A time capsule buried at Maple Leaf Gardens in 1931 and revealed on Thursday January 26, 2012 contains an NHL rule book, a municipal code, financial information on the team and a tiny carved ivory elephant of mysterious origin 1 Hockey in all its forms, in all its lore, never fails to captivate many Canadians But do we listen carefully to those voices from the distant 1931 NHL rule book and recent past The Game by Ken Dryden, first published in 1983, offers enduring contributions to sport literature, non fiction and Canadian literature Considering it comes straight from one of the most accomplished players of the sport written by him, not mediated through an interviewer or ghost writer , the book intrigues and challenges because it s not entirely a celebration of the sport of hockey, but a reverential and at times very troubled examination of it The Game is neither a light nor quick read, but it s an absorbing and thoughtful reflection on the game of hockey and the experienc
It s hard to explain exactly why I believe this to be the greatest book on sport ever written Maybe it s due to how it effortlessly stretches beyond the regular bounds of its genre without losing sight of its central
There are hockey books. and then there is Ken Dryden s The Game.The Game is former NHL goaltender Ken Dryden s memoir of his final season playing for the Montreal Canadiens in their quest for a fourth straight Stanley Cup.I ve read my fair share of hockey books over my long reading career While many have been just OK, few have been exceptional Ken Dryden s The Game is one of those exceptional reads Most of the hockey books I ve read are either of a play by play recounting of the subject s career or filled with whacky and over the top stories I tend to lean toward the ones with unbelievable stories rather than the few that read like Arnold Schwarzenegger s abysmal Total Recall commentary track I believe that is truly what sets this apart from other sports books Dryden is concerned with who his teammates are as people first what drives them and sets them apart from any other Joe Schmoe holding a stick and flying across the rink.Dryden digs into his own psyche and explains how everything happening both on and off the ice would effect him mentally He discusses his fears and insecurities and even a crisis of identity in believing that his teammates are just so good that his role in a win or loss feels largely irrelevant at times This is of course painfully modest considering he backstopped the Habs to six cups in eight years while collecting five Vezina trophies in the process This isn t uncommon though You would be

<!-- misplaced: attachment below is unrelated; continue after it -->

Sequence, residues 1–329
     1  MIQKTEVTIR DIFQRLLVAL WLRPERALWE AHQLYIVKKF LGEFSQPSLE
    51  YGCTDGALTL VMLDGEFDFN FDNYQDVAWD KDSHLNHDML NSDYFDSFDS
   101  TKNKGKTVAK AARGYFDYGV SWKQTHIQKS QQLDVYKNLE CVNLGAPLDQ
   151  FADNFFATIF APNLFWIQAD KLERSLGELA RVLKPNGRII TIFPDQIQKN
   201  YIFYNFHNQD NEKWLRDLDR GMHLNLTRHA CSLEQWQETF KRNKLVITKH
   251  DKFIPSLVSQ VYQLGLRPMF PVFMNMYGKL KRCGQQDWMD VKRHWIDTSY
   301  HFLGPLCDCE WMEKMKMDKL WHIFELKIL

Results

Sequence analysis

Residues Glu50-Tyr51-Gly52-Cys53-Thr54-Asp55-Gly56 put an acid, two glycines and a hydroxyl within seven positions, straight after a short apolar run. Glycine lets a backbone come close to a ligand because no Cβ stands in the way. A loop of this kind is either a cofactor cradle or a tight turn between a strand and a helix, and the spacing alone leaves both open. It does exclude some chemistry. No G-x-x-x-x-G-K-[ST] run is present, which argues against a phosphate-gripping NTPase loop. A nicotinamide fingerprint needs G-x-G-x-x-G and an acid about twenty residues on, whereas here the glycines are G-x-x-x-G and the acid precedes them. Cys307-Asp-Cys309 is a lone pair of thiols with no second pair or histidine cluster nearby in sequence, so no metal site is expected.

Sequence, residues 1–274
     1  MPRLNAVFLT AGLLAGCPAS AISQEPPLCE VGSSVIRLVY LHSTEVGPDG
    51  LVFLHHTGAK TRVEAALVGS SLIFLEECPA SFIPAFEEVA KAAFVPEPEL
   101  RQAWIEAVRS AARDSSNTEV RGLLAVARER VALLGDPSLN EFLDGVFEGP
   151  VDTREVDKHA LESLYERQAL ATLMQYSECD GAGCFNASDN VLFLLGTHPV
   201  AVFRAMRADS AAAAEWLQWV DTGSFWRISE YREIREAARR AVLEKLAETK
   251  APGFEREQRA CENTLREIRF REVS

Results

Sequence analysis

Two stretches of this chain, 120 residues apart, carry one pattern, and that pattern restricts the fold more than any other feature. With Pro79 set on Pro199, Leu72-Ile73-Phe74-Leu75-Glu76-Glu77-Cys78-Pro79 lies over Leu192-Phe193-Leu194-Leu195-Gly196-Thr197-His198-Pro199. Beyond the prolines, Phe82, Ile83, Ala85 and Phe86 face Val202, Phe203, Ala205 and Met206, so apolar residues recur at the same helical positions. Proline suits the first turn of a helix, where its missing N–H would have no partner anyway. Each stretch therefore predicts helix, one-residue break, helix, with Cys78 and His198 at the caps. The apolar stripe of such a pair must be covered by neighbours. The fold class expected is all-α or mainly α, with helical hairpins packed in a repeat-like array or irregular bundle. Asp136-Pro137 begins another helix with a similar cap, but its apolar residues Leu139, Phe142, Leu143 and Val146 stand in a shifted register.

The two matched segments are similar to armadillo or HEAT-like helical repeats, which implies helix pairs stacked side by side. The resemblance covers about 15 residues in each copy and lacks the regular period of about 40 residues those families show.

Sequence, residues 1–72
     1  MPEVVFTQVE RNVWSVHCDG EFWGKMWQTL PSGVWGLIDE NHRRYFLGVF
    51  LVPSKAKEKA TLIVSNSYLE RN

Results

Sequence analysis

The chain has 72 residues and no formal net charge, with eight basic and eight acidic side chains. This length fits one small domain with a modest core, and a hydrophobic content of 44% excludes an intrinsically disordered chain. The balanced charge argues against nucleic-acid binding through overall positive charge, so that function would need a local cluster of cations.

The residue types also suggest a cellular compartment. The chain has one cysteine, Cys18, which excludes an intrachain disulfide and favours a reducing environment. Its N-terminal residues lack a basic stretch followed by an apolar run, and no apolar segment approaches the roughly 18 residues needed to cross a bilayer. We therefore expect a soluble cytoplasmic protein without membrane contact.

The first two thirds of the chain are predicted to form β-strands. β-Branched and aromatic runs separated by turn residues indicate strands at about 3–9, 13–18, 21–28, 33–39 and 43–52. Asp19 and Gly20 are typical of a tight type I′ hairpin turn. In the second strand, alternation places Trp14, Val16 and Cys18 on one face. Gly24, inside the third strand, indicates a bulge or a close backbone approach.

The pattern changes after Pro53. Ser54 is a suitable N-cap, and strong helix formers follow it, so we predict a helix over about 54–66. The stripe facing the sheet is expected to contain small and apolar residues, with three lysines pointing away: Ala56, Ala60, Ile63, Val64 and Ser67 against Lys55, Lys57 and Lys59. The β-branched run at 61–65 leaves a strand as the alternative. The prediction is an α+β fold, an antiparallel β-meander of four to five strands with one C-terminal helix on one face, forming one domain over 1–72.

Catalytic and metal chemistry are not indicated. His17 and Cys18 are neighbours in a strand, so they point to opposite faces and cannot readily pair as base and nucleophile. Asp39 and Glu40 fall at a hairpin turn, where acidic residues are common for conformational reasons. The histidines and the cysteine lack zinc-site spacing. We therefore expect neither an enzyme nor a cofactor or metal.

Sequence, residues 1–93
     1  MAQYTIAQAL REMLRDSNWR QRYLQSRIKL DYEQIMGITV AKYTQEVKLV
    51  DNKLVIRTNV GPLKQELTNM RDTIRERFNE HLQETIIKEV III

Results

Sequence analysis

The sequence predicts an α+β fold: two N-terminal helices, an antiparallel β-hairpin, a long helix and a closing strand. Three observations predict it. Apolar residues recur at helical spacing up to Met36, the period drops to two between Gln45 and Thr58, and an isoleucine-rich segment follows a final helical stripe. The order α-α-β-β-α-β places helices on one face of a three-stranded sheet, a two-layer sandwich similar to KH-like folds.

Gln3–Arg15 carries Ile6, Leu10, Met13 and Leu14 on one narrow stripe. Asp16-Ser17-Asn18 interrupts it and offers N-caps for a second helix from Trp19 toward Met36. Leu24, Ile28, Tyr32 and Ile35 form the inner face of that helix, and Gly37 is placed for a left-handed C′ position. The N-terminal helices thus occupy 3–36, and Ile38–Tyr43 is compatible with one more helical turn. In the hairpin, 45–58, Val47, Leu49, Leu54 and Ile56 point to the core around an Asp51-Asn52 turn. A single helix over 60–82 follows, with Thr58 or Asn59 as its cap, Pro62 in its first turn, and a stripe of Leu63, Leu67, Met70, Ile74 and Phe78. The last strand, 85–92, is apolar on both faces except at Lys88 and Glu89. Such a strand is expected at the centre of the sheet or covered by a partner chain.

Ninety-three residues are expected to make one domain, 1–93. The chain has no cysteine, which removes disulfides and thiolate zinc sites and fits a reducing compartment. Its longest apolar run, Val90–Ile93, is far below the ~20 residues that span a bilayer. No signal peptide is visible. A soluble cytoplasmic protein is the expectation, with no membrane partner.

States on the cover, The Best Hockey Book Ever Written , and lives up to that easily one of the better books about all sports The author was a goalie and law student, and his ideas come across quite clearly The original subtitle was a thoughtful and provocative look at a life in hockey , and it is that Recommended, and for a hockey fan highly recommended.I picked this up last year in a used book shop in B.C Having read a fair amount of sports books, mostly baseball related, I was eager to check the claim on the cover.Ideas and reflections are loosely slotted into chapters These cover the activities of a week in a season of the later career of Ken Dryden, goalie for the Montreal Canadiens By the second chapter, he is already philosophical, and that is where the real gems emerge.He examines playing in the years after being an outstanding team playing against their own record and the expectations of the fans media owners far than playing the rest of the league , how the game has changed for kids less play time , violence, superstars, and strategy changes through time Along the way he also introduces his past, his teammates, trainers and coaches The terminology when he talks about teammates may prove unfamiliar to non hockey fans, but the rest of the book is quite accessible.I read the 20th anniversary edition, which contains an additional chapter covering the end of his last year and a li
My son and husband are big Habs fans, so this book helped me develop a better understanding of some of the big names they like to throw around I ve also developed enormous respect for Mr Dryden He s intelligent and educated, articulate, and of course, an incredible athlete. Ken Dryden is a great writer and amazing athlete This book really gives you a glimpse into all aspects of Hockey A must read for any sports fan and if you re a hockey fan you ll really understand the game better afterwards The whole book really holds up well to the test of time as well.

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  • Mass Market Paperback
  • 248 pages
  • The Game
  • Ken Dryden
  • 15 May 2019
  • 9780002173773